On Monday, the Supreme Court issued its 5-4 Hobby Lobby decision, which recognized family-owned corporations' religious right to not offer contraception mandated under the Affordable Care Act in their employee health insurance plans. In her dissenting opinion, Justice Ruth Bader Ginsburg charged that the ruling would "deny legions of women who do not hold their employers' religious beliefs access to contraceptive coverage that the ACA would otherwise secure."
Women - those poor, pretty, muddle headed little dears - are apparently incapable of budgeting, prioritizing expenses, or managing their money intelligently so that needs come first and luxuries come second. The real irony here is that if we can believe this fact sheet from the Guttmacher Institute the haves and the have-nots appear to have the same access to the number one method of birth control: the Pill.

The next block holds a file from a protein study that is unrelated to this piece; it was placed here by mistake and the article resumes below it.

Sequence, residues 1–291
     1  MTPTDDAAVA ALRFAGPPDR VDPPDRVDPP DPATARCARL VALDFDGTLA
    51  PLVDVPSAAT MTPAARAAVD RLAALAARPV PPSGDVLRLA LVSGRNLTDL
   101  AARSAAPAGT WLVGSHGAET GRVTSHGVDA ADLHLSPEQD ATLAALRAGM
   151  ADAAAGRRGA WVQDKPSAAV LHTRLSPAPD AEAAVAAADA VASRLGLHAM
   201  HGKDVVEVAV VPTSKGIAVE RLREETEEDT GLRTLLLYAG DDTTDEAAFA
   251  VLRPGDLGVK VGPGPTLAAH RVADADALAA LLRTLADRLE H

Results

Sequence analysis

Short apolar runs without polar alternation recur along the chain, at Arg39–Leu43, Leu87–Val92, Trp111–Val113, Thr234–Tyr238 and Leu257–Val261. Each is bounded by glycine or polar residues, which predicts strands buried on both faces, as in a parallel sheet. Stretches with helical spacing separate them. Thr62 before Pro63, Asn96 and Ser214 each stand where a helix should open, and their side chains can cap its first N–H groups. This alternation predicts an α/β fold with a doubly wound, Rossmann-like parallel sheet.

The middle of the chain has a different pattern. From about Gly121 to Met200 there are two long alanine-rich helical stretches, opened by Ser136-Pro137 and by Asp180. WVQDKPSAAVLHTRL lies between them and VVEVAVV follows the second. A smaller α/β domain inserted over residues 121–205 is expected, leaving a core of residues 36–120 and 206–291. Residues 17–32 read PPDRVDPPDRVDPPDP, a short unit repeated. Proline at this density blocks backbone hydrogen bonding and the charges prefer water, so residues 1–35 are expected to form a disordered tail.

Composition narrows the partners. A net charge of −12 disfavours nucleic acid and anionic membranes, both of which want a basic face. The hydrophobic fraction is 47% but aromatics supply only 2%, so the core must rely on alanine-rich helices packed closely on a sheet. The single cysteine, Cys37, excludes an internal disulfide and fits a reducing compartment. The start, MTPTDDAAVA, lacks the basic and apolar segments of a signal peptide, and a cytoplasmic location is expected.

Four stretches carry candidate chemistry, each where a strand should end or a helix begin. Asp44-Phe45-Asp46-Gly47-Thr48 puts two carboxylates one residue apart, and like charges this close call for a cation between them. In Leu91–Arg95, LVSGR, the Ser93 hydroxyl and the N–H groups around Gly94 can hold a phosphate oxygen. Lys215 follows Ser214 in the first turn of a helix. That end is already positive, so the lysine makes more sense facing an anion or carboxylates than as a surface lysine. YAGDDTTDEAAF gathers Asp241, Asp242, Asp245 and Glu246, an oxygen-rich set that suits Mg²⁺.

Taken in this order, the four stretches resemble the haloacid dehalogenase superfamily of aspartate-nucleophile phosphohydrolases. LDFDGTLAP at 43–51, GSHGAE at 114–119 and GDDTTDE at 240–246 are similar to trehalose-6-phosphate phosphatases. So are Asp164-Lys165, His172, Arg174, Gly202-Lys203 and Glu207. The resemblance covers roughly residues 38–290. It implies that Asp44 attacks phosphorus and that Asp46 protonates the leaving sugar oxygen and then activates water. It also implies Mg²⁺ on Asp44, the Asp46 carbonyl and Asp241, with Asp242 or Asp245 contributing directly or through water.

•Ninety-two percent of at-risk women with incomes of 300% or more of the federal poverty level are currently using contraceptives, compared with 89% among those living at 0–149% of the poverty line
Now it may be that the 0-149% who are near the poverty line are already getting free birth control from the government, but in that case, just what "access problem" is solved by the ACA?
Oh, and the second most widely used, non-permanent method of birth control? Not covered by the ACA at all:
It's almost as though posturing and demonstrating "solidarity" with helpless womynkynd were more important to these folks than actually guaranteeing access to birth control.
June 10, 2014
More Good News from the Land of the Living Wage